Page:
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Article – The Ram Went Over The Mountain: Small Team Tactics In Tetta


Platoons seal the fate of Armies. 

-SLA Marshall[1]

The following is perhaps what you would call a vignette of sorts. It is my recollection of the experiences I gained during Exercise Hamel 18 – the 7th Combat Brigade’s Road to Ready, the 8th/9th Battalion’s Integrated Sea Land Series certification, Charlie Company’s tactical actions and finally, as a result of successive effort allocation, my Platoon’s time on the Brigade’s Main Effort.

Designating main and supporting efforts is an effective function of achieving Command and Control as well as a method to strategically reinforce units at decisive times and at decisive locations – a force cannot be strong everywhere, all the time.[2] Although my platoon was placed on the Company’s main effort – a long awaited and exciting task for any Infantry Officer – I was also very aware of the responsibility that had been placed in my team and I: it was all eyes on us.

As a consequence of being on the Main Effort, Commanders are allocated more support. As a motorised Combat Team on the main effort, at any one time my (Officer Commanding) OC had a troop of Tanks, a troop of Australian Standard Light Armoured Vehicles (ASLAV’s), a troop of Combat Engineers, a Detachment of Electronic Warfare (EW) specialists, a sniper pair, a Joint Firers Observer (JFO) and an Anti-Armour section at his disposal. Within a 36 hour period, I was allocated all of these assets, some for extended periods, some for less than thirty minutes. I found my Platoon team’s size ranging from 20 troops in 3 Protected Military Vehicles (PMV’s) to up to 50 in a variety of vehicle platforms. We were mounted one moment, dismounted the next – the tempo was high and the Order of Battle (ORBAT) was dynamic.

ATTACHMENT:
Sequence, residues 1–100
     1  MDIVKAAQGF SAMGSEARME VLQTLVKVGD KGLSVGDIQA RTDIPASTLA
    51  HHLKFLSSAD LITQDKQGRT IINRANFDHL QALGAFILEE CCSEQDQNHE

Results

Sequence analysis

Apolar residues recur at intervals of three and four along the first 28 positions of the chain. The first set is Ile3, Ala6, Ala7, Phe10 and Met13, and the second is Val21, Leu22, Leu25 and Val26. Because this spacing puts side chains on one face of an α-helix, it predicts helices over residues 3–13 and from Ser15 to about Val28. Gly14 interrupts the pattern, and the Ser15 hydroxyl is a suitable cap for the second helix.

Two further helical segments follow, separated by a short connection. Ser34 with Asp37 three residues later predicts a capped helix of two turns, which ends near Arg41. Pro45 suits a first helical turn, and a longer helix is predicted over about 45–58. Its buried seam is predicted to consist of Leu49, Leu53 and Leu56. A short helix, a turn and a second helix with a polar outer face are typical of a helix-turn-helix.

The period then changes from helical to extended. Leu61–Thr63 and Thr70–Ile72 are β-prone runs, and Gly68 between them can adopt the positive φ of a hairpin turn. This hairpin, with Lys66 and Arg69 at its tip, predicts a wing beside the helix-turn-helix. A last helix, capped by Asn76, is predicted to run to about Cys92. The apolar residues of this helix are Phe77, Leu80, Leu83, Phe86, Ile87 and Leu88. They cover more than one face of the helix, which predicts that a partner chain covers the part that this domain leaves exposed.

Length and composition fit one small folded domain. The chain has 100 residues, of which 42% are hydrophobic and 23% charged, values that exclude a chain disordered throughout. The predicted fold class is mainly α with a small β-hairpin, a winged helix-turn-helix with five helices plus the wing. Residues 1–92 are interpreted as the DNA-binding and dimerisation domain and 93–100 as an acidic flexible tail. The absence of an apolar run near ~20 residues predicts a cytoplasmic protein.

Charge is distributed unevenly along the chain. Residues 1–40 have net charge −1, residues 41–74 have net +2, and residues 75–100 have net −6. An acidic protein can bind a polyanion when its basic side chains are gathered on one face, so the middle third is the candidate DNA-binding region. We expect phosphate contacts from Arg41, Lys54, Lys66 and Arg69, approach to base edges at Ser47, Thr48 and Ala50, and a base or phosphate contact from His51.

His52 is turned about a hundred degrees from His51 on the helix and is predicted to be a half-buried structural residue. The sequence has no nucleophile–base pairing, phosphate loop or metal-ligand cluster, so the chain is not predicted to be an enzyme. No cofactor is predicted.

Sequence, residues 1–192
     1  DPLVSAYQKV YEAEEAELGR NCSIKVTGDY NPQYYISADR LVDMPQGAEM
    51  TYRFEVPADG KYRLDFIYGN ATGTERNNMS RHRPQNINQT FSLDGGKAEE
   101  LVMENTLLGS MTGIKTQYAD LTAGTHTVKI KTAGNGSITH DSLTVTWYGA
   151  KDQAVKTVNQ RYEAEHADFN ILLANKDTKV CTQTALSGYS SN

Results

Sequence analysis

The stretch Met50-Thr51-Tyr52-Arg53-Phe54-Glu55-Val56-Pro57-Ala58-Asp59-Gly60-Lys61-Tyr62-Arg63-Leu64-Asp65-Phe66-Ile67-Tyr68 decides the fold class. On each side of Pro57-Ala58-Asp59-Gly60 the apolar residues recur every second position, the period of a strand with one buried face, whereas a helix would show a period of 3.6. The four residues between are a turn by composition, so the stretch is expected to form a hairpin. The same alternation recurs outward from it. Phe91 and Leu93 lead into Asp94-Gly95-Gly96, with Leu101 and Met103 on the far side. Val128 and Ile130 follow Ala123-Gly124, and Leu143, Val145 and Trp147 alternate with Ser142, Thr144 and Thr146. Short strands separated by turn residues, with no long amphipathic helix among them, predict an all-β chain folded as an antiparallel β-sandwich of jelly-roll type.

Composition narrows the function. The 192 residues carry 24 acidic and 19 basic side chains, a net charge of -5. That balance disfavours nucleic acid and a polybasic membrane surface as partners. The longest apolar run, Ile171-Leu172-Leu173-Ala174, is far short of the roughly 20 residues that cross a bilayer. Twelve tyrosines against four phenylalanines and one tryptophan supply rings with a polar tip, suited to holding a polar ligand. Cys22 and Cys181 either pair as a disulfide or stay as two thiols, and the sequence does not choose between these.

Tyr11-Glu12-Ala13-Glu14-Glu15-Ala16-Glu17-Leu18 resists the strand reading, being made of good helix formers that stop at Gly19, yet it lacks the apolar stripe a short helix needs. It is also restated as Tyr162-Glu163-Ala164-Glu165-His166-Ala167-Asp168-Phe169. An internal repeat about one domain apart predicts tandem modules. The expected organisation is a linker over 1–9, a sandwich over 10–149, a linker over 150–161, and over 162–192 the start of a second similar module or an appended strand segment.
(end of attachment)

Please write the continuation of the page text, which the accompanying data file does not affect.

Upon being given the task to follow and support the Company’s lead platoon during a route clearance, I found myself on the Platoon net with Engineer and Tank in support – I was the supporting effort. As the lead platoon contacted and cleared hasty enemy positions, my platoon quickly found itself on the main effort as the OC tasked me to assume lead Platoon in the Company’s clearance. Some hours, and several cleared features later, we handed the Battalions main effort over to a flanking Company and our Platoon’s stint on the main effort would come to a close for Hamel 18.

When we were tasked with the main effort, it was an excellent experience to have such a diverse range of assets available, from different Corps, attached to my small Platoon team. Throughout Exercise Hamel and, more broadly, the Integrated Sea Land Series, I developed a better understanding of how my OC would weight his main efforts at different times and in different locations. Being able to understand the OC’s intent allowed me to predict when and where I might be sent and with what assets might be attached to me. This allowed my team to act more decisively, deliver orders more efficiently and, most importantly, to be flexible enough to adapt to change and achieve tasks successfully.


About the Author: Lieutenant Cameron Watts is a Platoon Commander in the 8th/9th Battalion, the Royal Australian Regiment.


End notes:

[1] Malone, D. Small Unit Leadership: A Common Sense Approach 2009

[2] Land Warfare Doctrine 3-0-3 Formation Tactics 2016 (p35)

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